Enhancing the levels or activity of an enzyme previously implicated in protecting against neurodegeneration that occurs in Alzheimer’s, Huntington’s, and Parkinson’s disease could represent a new approach to halting the development of obesity-related metabolic disorders such as diabetes. The protein, SIRT1, is a deacetylase enzyme that in mice has already been shown to protect against the development of liver steatosis and insulin resistance as a result of a high-fat diet (HFD).

New research by two Massachusetts Institute of Technology (MIT) scientists has shown that mice engineered to lack SIRT1 specifically in adipocytes are more prone to becoming obese and developing metabolic dysfunction. Most notably, the white fat cells in these modified animals exhibited an altered gene expression profile that was very similar to that observed in the adipocytes of wild-type mice fed a HFD. This indicated that in wild-type animals dietary stress causes inhibition of SIRT1, preventing the protein from doing its job of regulating metabolic function.

Mice lacking SIRT1 in their fat cells are thus “poised for metabolic dysfunction,” comments Leonard Guarente, M.D., who carried out the work with colleague Angeliki Chalkiadaki, M.D. “You’ve removed one of the safeguards against metabolic decline, so you now give them the trigger of a high-fat diet, they’re much more sensitive than the normal mouse.”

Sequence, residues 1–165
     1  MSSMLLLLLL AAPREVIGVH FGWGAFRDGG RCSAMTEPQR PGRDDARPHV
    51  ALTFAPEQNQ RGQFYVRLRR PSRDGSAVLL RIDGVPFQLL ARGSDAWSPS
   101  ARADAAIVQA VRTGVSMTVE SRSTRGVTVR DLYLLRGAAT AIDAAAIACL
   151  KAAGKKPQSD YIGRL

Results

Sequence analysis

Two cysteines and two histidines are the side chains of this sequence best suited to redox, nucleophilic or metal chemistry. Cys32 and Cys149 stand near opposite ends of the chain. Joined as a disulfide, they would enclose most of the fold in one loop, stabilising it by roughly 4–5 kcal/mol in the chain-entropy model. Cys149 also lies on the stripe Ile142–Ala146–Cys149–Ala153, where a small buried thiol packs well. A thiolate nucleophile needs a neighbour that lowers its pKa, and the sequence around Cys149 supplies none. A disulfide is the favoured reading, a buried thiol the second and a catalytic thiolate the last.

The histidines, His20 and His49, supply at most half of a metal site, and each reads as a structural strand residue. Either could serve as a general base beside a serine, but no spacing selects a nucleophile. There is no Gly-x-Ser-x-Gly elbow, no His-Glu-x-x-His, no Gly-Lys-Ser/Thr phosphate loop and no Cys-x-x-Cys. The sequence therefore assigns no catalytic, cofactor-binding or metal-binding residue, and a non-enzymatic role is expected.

Further studies showed that in normal mice given a HFD, the SIRT1 protein is cleaved by caspase-1, an enzyme induced by inflammation. “What our study shows is that once you induce the inflammatory response, the consequence in the fat cells is that SIRT1 will be cleaved,” Drs. Guarente and Chalkiadaki write in their published Cell Metabolism paper.

The researchers say their studies thus demonstrate that SIRT1 is required for the maintenance of metabolic health in adipose tissue under normal conditions. The results also provide further evidence for the link between a high-fat diet and inflammation. “Our findings lead to a two-stage model for the effects of HFD in wild-type mice,” they add. “In the first stage, SIRT1 protein is at least partially inactivated in adipose tissue, causing a unique transcriptional profile and a predisposition to metabolic disease. Under prolonged metabolic stress, loss of SIRT1 function from adipose tissue leads to a diabetic phenotype, manifested by whole-body glucose intolerance and insulin resistance.”

Interestingly, the studies also showed that aging mice were more susceptible to the detrimental effects of a HFD than younger mice, suggesting that aging is accompanied by a gradual loss in the protective effects of SIRT1. As aging is also known to increase inflammation, Dr. Guarante is now studying whether age-related inflammation also triggers SIRT1 loss.

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